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If my fences could talk

After eight years of running grass-fed beef on our farm, the fence is in some need of mending. Cattle are just tough on fences. I remember when we first got cattle and I set up our pastures with two strands of hotwire; I was being really cautious considering my dairy farm neighbors used only one hotwire to keep the cows off the road. Our first batch of cows arrived, unloaded from the trailer and up and left. They had never seen a hotwire or experienced it, got a little shock and kept on moving. Now I was the one in shock. We spent the better part of that day rounding up cows and the better part of the next week building five strand barbwire fences to contain the critters. I am never going to leave a good night’s sleep to a few skinny strands of wire with electricity running through them. So we do our best to keep them in and fix all the obvious and potential “escape” routes.

This week we started fixing up the non-cow barbwire fence along the road. We used to run cattle along this part of the pasture, but now it mostly carries the hotwire to where the cattle graze during the summer. This fence was hammered last year, not by cows, but by cars. Yes, cars. Most of the time, when someone hits it, they back out and head on their way, with a few scratches to their car as souvenirs.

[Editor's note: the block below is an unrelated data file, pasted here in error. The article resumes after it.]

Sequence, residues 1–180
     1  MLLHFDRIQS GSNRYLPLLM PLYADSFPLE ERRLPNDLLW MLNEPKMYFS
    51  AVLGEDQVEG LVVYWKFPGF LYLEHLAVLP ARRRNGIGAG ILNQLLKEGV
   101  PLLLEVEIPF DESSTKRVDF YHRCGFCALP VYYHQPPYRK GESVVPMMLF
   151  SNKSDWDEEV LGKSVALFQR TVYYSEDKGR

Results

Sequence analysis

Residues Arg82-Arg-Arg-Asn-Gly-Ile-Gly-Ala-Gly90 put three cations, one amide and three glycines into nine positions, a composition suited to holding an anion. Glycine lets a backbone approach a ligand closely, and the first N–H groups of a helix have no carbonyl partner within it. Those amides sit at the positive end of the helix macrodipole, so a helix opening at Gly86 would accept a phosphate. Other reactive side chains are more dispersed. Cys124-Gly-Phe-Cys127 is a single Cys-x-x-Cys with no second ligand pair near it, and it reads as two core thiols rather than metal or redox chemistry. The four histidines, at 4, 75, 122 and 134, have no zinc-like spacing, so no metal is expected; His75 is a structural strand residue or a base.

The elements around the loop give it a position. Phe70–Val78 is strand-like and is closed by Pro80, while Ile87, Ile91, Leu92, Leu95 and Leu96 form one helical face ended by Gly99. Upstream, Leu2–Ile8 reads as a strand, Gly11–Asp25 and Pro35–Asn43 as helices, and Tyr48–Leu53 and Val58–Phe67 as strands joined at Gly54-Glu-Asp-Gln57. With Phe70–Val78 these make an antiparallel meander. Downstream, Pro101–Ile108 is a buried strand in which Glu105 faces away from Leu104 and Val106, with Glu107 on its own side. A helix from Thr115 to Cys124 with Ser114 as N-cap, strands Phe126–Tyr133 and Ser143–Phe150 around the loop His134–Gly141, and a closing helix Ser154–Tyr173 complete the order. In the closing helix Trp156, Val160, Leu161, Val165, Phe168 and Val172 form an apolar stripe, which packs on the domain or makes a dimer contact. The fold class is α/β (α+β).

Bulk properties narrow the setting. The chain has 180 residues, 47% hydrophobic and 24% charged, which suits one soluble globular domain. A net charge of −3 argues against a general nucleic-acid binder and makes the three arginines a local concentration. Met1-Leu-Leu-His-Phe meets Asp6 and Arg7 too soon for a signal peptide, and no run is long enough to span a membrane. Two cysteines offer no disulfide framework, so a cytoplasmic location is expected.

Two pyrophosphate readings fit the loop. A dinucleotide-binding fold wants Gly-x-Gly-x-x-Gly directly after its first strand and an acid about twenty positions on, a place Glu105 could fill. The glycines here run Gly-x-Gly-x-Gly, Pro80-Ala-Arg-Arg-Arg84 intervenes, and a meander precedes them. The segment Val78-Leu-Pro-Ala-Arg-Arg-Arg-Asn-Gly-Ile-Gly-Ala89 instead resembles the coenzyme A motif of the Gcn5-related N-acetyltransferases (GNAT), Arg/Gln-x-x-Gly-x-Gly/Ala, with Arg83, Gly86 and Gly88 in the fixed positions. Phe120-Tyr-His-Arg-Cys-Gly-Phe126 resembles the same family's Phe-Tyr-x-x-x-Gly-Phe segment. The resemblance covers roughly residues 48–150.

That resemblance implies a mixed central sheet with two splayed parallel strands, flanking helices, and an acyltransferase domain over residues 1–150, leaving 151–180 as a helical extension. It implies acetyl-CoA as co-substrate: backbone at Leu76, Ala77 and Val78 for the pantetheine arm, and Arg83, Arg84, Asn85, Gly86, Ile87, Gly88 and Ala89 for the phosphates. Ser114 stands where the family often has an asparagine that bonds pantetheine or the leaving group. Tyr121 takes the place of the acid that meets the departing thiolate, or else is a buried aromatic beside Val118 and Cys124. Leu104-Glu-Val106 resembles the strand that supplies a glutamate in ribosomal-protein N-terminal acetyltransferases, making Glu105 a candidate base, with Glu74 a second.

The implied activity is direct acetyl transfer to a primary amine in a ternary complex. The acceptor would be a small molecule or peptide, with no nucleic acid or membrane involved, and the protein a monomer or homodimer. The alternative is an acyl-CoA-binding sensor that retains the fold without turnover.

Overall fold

One time, I was walking out to my field and saw that someone had done a few donuts. This was a head scratcher. I thought that maybe my boys were having a little fun, but they had never seen the Dukes of Hazard. I must admit that I would like to do donuts sometime, just not when the field is planted! Well, it wasn’t a Klesick. Someone had driven through the fence into the planted field, spun around and driven back through the fence at a different spot. Two holes to fix! 

My favorite all time story happened on one of those rainy October nights. I looked out the back windows of the house and I saw headlights driving through my field. A young man in a Civic had caught the edge of the road (he wasn’t drinking) and it pulled his car into our fence. He went right in between two fence posts and kept driving until his car got stuck. I was impressed that he was able to drive as far as he did. We towed him out and he came back on an agreed upon day to fix the fence with us. I am sure that having the Sheriff take his contact information was plenty of encouragement to return.

Well, as you could imagine, cattle are hard on fences, but teenagers are harder. So we are busy overhauling this fence and, hopefully, I might get a year or two off before I need to mend it.